Geo-technical engineers analyse soil, rock, groundwater and other earth materials prior to major construction projects.
The Role
  • Gathering and analysing data
  • Looking at the risk of geological hazards and make sure that any factors affecting engineering works are identified and managed
  • Advising on procedures required and the suitability of construction materials
  • Using specialist computer software to create analytical two and three-dimensional models
  • Consulting geological maps and aerial photographs to advise on site selection
  • Assisting with the design of built structures, using specialised computer software or calculations
  • Planning detailed field investigations by drilling and analysing samples of deposits or bedrock
  • Supervising ground investigations and budgets
  • Advising on and testing a range of construction materials including sand, gravel, bricks and clay
  • Making recommendations on the proposed use of a site
  • Managing staff, including other engineering geologists, geotechnical engineers, consultants and contractors
  • Working to preserve and protect the physical environment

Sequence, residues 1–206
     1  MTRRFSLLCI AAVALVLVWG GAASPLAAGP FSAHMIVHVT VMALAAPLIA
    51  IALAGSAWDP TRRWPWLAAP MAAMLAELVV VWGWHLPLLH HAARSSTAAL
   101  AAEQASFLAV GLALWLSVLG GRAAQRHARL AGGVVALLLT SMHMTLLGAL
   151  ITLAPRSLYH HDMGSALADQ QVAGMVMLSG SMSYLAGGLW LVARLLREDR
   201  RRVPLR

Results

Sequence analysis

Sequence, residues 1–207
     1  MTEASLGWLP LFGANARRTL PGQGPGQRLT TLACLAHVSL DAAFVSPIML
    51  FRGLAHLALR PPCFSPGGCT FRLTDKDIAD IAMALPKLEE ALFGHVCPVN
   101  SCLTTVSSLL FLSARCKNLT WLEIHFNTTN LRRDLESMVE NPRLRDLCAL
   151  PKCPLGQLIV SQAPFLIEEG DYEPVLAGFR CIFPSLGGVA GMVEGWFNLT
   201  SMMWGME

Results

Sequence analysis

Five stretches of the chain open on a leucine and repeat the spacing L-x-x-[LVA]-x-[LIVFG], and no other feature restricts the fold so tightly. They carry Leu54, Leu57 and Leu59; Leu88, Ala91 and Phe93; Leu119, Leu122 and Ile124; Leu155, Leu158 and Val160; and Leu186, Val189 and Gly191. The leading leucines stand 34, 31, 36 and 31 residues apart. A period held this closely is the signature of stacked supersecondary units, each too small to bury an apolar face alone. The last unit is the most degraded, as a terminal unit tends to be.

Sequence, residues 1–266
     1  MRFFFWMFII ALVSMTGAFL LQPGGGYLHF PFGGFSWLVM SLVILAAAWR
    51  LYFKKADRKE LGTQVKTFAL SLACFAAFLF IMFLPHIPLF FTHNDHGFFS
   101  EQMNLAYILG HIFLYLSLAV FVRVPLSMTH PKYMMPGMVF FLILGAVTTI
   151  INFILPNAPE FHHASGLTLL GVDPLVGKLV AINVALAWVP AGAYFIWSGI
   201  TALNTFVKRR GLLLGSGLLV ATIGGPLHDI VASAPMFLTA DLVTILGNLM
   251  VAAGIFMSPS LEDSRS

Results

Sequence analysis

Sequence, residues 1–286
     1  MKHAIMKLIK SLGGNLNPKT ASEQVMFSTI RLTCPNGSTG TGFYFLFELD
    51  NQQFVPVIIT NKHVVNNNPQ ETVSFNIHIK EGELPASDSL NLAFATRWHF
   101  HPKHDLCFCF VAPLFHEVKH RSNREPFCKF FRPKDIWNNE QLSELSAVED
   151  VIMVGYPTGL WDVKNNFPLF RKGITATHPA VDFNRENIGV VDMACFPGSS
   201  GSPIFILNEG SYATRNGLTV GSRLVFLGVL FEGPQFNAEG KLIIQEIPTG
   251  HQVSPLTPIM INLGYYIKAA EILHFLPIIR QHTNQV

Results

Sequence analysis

• Analysing sites and designs for environmentally sensitive developments, such as landfill
  • Newly trained geotechnical engineers can earn in the region of £20,000 - £25,000
  • Trained with experience geotechnical engineers can earn in the region of £25,000 - £32,000
  • Senior, chartered or master geotechnical engineers can earn in the region of £32,000 - £40,000
Salaries typically range depending on location and level of responsibility. Salaries and career options improve with chartered status.
Qualifications & Training
To become a Geotechnical Engineer you will need specific qualifications, which are offered by a limited number of UK universities. To get onto a degree course you need A-levels or equivalent such as Scottish Nationals or Highers, or the Welsh Baccalaureate. Relevant degree subjects include Geology, Geophysics/geotechnology, Engineering geology, and Mineral/mining engineering. There are a number of first degree geoscience courses accredited by the Geological Society. By completing an accredited degree, you usually qualify for membership (Fellowship) of the society after gaining relevant postgraduate experience. This is also the route to become a chartered geologist (CGeol), after a period of professional development and experience. If you have a background in civil engineering or the sciences, it is sometimes possible to enter the field through the Institution of Civil Engineers (ICE) or the Institute of Materials, Minerals and Mining (IOM3). A postgraduate qualification, such as a Masters (MSc) in engineering geology, geotechnical engineering, hydrogeology, soil or rock mechanics, or foundation engineering is desirable.  An accreditation scheme for taught postgraduate MSc courses is also available.